• Putting concepts into songs or rhymes, creating stories that help connect ideas, or designing a game to teach it to someone else are all highly effective ways of internalizing language concepts.

Tip #2: Use ESL Lessons and Worksheets for Sentence Structure


A tried-and-true method for learning language concepts like sentence structure is to get your hands dirty by repeatedly working with the concept until using it correctly becomes an unconscious act. This is another way of saying, “Get your hands on as many worksheets and practice exercises as you need to help you fully grasp the language concept.”

FYI – I have created the first in a series of lessons on mastering the English sentence structure. The first module in the full mastery course is The ESL Student’s Guide to ACE-ing Sentence Structure and it focuses on the four basic types of sentence structures. Click here to have a look at it.

ESL worksheets and practice exercises offer more than simple repetition of a teaching point. Language drills are important because they put the process of forming a habit, that of using correct grammar or pronunciation, into overdrive.

You’ve heard the saying that it takes twenty-one to thirty days to form a new habit. Language drills condense that process by shortening the timeframe while increasing and intensifying the repetitions.  

Worksheets and other forms of hands-on practice further intensify and accelerate the learning and assimilation process by adding a physical element to the mix. As your hand gets involved in physically producing the correct patterns on the page, it sends an extra message of reinforcement to your brain. Additionally, the time it takes for your body to engage and complete the physical process of producing the answer gives your brain a bit more time to process the concept. The more time your brain spends processing the information, the more solidly the information is cemented in your foundational knowledge.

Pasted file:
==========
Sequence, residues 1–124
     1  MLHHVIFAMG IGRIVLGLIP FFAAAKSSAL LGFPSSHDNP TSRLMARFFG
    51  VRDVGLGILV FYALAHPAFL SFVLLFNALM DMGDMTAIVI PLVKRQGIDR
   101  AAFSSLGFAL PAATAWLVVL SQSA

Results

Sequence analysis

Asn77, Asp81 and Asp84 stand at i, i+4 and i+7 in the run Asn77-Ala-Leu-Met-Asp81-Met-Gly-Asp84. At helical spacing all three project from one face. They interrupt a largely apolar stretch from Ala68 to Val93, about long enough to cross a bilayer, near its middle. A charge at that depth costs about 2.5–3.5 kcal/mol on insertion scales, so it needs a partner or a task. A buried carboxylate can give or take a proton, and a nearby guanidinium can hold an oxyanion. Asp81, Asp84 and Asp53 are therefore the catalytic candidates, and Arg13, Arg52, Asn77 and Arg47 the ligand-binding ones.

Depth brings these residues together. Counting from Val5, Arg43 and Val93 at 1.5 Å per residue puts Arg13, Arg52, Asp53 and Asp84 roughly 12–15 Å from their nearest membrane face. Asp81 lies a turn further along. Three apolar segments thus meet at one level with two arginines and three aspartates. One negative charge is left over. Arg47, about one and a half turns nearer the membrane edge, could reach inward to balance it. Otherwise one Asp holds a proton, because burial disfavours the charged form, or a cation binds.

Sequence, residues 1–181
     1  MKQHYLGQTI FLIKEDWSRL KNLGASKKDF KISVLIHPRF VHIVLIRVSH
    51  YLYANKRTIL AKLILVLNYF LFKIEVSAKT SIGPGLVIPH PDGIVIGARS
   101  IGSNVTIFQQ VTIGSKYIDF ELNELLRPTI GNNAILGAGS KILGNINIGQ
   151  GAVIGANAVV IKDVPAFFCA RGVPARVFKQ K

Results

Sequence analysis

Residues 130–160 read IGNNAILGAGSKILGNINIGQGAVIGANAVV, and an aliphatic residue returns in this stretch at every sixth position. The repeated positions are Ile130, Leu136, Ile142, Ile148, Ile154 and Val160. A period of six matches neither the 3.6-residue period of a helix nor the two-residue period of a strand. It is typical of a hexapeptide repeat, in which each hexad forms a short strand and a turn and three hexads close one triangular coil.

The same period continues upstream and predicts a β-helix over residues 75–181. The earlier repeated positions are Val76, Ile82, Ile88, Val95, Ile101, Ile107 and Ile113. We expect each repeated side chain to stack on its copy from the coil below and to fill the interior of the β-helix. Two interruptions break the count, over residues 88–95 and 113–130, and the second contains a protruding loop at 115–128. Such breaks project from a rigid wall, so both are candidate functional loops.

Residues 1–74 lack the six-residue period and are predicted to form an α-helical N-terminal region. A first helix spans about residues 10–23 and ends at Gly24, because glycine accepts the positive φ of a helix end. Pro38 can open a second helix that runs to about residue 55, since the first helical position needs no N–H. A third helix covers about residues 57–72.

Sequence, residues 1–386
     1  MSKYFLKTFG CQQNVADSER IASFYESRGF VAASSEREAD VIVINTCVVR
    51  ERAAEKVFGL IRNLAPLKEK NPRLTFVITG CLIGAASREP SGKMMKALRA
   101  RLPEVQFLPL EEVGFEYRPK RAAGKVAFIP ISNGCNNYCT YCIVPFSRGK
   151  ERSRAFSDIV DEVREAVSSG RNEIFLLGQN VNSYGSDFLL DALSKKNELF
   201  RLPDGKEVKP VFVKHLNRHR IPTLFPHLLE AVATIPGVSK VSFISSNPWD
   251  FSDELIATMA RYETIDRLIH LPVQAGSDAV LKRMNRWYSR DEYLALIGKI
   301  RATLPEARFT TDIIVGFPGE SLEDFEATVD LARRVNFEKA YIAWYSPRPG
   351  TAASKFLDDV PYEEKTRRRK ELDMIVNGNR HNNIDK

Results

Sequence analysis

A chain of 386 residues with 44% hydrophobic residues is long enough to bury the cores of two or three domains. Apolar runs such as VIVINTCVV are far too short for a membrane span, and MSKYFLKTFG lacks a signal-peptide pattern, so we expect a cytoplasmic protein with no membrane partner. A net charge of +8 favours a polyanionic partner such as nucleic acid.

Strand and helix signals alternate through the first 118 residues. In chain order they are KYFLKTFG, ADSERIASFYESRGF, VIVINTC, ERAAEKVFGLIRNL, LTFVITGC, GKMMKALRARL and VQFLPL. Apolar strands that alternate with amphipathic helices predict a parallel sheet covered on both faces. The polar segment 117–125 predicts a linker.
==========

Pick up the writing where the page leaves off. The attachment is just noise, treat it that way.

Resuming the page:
Tip #3: Practice with Others, Preferably Native Speakers

When I was in my Junior year in college, I spent a semester in Austria. Part of the program included language lessons (Deutsch fur Auslander/German for Foreigners). It was a beginner class and there were students of all ages, from many countries. After class, we would speak to each other using what we had just learned in class.

One day, our professor said to us as we were filing out of the classroom,

 “It’s wonderful that you are eager to practice what you’ve learned. Just remember this: you are in kindergarten in this class. If you only speak to other kindergarteners, you will remain at a kindergartener’s level of proficiency. If you hope to advance in the language, you must speak to native speakers and those who are more advanced than yourselves.”

I have never forgotten that advice. That afternoon, I started to speak German to everyone I could. It was frustrating much of the time, but only in the beginning as I was getting used to things. I started reading my German-English dictionary for fun and finding opportunities to use my new words. This was the single most significant event (and a turning point) in my assimilation of the German language. I firmly believe that getting out there and actually speaking English to others who are more advanced than you will be a turning point for you on your journey to fluency in English.

Exercises for Sentence Structure


During this coming week, in order to develop your understanding of English sentence structure, focus on the following areas:

  • Begin experimenting with ways to help you internalize the concept of Sentence structure.
  • Check out your local library or do an internet search for worksheets and practice exercises then do your best to complete them all.
  • Finally, find at least one person who speaks English at a higher level than you and have a conversation in English.

As we are learning on our journey together, day by day we take another step towards our goal. If we average one step each day, we will have taken 365 steps this year towards becoming fluent in the English language.

Please share your insights with the community by leaving a comment below or send a message through the contact page. Don’t forget, Sharing is caring so share this with everyone you know who will benefit.